Longtail Aviation chases solar eclipse in a Falcon 900

November 3, 2013

43,000 feet over the Atlantic, and 600 miles off Bermuda Longtail Aviation made history. For the first time ever, an aircraft was used to intercept an extremely short eclipse, at a 90 degree angle, capturing the ‘diamond ring effect’, created as the moon appears to cover the sun.

“Departing Bermuda this morning at 0530, we flew south to a point about 630 km south southeast of Bermuda. Flying at a 90 degree angle to the path of the moon's shadow, we intercepted the umbra, which was traveling at approximately 14,000 km/hour. Our groundspeed was approximately 420 knots. We were able to view the total eclipse from 43,000 feet for a period of about 2 seconds. No aircraft has ever before intercepted the path of a total eclipse at a right angle. Doing so enabled the twelve photographers on board to photograph the eclipse from the side windows. Congratulations to Xavier Jubier, the French amateur astronomer who developed the program which predicted the precise spot in space we had to reach in order to view the totality. The margin for error was approximately 6 seconds. Congratulations also to Dirk Ewers, who organized the event.”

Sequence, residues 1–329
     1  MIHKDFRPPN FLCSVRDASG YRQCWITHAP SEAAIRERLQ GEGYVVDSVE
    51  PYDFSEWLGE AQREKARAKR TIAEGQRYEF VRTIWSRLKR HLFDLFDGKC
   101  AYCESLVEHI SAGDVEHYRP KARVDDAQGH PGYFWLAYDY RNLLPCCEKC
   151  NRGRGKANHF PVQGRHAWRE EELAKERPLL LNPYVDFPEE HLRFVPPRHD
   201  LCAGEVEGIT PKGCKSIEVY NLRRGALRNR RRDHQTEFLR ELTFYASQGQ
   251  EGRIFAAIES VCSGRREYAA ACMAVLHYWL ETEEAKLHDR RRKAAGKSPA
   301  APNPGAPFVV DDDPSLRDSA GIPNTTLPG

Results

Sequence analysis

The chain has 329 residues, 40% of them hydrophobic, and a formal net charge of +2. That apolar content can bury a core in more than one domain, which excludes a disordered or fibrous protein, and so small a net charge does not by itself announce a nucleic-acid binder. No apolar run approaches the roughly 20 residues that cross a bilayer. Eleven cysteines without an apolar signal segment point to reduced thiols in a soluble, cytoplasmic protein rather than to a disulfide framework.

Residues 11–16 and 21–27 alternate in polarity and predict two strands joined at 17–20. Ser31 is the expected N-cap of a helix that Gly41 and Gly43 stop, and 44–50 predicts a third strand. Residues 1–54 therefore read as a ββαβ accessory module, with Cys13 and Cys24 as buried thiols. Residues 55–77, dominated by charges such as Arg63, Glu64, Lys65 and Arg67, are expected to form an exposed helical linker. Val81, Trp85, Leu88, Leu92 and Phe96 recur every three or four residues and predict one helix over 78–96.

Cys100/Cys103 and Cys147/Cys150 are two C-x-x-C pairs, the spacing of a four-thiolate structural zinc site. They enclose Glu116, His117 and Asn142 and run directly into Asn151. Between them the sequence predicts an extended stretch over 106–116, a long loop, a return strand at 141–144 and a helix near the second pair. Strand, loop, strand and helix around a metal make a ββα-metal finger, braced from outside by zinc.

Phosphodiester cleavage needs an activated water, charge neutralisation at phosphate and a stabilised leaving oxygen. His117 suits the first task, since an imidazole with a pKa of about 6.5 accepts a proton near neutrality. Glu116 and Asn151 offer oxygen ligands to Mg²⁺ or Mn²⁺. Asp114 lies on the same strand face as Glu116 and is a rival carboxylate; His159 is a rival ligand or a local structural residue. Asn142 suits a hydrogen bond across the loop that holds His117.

Martin Amick (Longtail Aviation, Captian of the flight and CEO)

Ben Cooper, former NASA photographer, — said "that prior to this flight, in 1986, eclipse veteran Glenn Schneider was able to intercept a ‘perfect’ zero-second eclipse over the north Atlantic, and that a similar intercept for a 1.4 second eclipse was attempted in 1930 without success"